I’ve sunk quite a bit of money into toys for Jana over the years, starting with stuffed Kongs when she was a tiny puppy. It took her only a few days to master the art of completely emptying a stuffed Kong. Soon, she had it down to mere seconds, even when I had the Kong filled with softened kibble, mixed with peanut butter and frozen (most puppies love these, and tossing in a Kong make crate training so much more fun for the puppy).
Thus, when little Jana was only a few months old, my quest began for the perfect treat toy. “Perfect” being defined as “will keep her busy for more than 10 minutes.”
I have tried everything. She has a collection of treat toys large enough to open a museum, or at least a doggy day care. Sucker that I am, I will shell out retail if I see a new toy that looks promising. Online deals are another money pit. We’ve got the Dog Puzzler, the Buster Cube, and the Twist N Treat. We’ve tried the Tricky Treat Ball, Orbee ball and TreatStik. We’ve got complete sets of Kong Genius and Busy Buddy Linkables, rubber toys of various interlocking shapes. And no, the Thinking Dog Blog does not receive any free products to try out.
Jana is now 9 years old. She has, at long last, met her match: Squirrel Dude.
Squirrel Dude is a large purple squirrel made of hard rubber. He is hollow inside (much like Jana) so I stuff him with treats (much like Jana). Her job is to get the treats out.
She has been known to work at emptying Squirrel Dude for a couple of hours … and still bring him back to me with a biscuit piece or two rattling around in his belly. The introduction was made by a good friend and superior dog mommy (thanks, Emmalee!). It is a match made in heaven.
Squirrel Dude’s secret is a set of prongs or fingers that hold the treats in. That, and he’s quite fat, so it is not easy for her to squash him enough to break the biscuits into small pieces that will fall out through the (smallish) hole.
In many rounds of competition, Squirrel Dude has defeated Jana every time. Yet losing to this formidable purple rival has not diminished her affection for him at all. In fact, she is cradling him now, cookie bits still trapped in his belly, as she lies, exhausted, next to me.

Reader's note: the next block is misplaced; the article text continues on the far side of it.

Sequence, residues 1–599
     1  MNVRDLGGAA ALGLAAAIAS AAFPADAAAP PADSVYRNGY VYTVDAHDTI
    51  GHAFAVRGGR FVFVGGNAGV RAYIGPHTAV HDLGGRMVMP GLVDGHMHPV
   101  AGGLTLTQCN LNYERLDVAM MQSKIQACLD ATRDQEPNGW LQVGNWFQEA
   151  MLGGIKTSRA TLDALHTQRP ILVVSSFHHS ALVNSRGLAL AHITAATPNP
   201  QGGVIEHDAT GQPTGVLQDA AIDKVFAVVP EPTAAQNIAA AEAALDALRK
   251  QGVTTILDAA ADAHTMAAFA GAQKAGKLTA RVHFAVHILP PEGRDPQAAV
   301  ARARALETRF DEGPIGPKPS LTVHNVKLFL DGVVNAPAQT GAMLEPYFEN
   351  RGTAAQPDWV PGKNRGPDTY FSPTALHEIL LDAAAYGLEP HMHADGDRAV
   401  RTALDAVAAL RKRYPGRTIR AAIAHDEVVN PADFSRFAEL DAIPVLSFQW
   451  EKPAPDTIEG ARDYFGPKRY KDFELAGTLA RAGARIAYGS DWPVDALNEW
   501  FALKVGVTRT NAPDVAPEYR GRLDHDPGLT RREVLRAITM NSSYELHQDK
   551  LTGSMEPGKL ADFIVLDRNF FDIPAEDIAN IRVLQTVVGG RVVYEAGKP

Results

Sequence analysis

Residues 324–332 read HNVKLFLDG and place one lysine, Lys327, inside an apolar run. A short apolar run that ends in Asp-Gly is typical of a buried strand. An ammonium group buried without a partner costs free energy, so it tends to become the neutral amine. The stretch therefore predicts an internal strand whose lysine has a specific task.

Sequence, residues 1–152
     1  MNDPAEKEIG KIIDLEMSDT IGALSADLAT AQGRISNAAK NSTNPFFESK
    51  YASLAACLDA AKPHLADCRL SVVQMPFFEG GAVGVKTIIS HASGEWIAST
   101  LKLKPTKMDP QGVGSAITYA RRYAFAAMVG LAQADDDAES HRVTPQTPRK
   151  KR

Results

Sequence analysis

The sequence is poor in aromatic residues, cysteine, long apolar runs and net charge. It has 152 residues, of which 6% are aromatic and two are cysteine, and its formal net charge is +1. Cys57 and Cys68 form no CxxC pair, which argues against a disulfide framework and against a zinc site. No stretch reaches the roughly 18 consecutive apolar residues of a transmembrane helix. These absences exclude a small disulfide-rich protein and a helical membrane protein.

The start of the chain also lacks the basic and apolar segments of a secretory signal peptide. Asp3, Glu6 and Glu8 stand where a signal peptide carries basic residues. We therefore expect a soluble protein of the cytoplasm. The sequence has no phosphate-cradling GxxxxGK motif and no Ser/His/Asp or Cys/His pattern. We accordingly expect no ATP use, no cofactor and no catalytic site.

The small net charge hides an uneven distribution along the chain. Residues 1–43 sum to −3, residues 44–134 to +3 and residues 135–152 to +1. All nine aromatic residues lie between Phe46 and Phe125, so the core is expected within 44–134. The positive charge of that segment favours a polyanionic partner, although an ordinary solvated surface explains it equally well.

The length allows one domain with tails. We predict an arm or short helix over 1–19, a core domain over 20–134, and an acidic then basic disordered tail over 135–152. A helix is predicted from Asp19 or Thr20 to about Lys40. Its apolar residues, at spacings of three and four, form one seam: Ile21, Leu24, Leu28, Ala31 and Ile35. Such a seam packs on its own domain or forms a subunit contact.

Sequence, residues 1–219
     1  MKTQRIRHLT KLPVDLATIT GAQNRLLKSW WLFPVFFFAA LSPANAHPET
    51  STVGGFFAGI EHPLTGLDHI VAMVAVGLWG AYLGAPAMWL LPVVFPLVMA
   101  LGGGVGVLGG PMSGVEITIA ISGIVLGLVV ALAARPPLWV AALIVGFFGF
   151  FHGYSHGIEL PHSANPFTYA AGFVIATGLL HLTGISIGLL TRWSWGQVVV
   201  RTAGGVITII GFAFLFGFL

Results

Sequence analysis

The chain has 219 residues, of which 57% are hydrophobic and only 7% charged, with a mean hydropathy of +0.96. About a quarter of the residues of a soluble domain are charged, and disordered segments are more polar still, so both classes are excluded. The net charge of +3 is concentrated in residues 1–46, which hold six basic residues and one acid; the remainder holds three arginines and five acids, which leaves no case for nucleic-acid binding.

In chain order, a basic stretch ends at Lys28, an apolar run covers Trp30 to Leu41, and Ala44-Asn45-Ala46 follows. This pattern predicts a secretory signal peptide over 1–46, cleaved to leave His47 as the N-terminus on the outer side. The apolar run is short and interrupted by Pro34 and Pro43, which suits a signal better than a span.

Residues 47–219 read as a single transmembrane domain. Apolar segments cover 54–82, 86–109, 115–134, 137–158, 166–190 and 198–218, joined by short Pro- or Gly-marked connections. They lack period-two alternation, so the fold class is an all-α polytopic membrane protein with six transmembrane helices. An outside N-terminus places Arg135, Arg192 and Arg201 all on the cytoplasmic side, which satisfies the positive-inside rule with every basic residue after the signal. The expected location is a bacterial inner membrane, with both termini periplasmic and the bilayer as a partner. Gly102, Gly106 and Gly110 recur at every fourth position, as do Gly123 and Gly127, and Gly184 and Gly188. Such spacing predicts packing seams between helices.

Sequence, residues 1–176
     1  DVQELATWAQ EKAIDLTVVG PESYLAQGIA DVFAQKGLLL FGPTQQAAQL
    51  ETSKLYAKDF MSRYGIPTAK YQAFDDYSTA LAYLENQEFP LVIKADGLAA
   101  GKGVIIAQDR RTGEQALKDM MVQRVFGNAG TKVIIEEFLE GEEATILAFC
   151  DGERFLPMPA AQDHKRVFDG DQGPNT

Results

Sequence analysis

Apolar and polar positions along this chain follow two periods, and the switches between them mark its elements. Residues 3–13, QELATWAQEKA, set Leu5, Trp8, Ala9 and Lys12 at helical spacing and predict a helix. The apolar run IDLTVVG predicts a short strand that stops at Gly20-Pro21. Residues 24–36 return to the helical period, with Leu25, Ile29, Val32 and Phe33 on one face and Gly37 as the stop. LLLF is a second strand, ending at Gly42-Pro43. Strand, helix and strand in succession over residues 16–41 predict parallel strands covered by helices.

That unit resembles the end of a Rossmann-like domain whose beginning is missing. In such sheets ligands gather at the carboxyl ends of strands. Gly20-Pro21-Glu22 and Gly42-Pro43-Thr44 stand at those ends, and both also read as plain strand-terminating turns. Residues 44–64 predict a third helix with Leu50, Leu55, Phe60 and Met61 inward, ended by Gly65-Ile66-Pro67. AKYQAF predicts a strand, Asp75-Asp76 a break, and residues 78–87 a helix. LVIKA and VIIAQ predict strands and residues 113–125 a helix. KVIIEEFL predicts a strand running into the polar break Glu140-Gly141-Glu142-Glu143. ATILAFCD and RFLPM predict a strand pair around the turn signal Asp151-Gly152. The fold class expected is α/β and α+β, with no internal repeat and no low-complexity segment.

Squirrel Dude’s closest competitor is the Busy Buddy Linkables, whose many possible configurations sometimes keep her busy for up to an hour. And the Orbee ball was an early success. Watching her figure it out — finally by rolling onto her back, squashing the ball with her jaws to break the biscuit, and manipulating the ball with her paws so the hole was lined up with her mouth and the pieces of cookie dropped right into her mouth — taught me a lot about her intelligence and problem solving ability. But she now has the whole operation down to about 3 min., and it only takes that long if I use a really thick, hard-to-crush biscuit.
What’s interesting is that Wylie is not at all interested in any of these toys. He likes the TreatStik and the Tricky Treat ball. Basically, as Deni says, he wants something he can just push around with his nose and have the treats fall out. Just goes to show that not all toys work for all dogs.
Jana, who is extraordinarily food motivated, will work much harder than Wylie to extract food from a toy. She enjoyed a TreatStik, too — only rather than push it around, she attempted to enlarge the hole the treats were falling out of. I finally took it away when she reverse-engineered it by figuring out how to unscrew the top.
I do offer her the other toys occasionally, if she needs a quick snack or if Squirrel Dude needs a day off. But, really, how can I resist a hunky purple guy who keeps my girl safely entertained for hours, challenges her mentally and wears her out?
A tired dog is a good dog, after all. And if the sweet little smile on her face is any indication, a happy dog as well.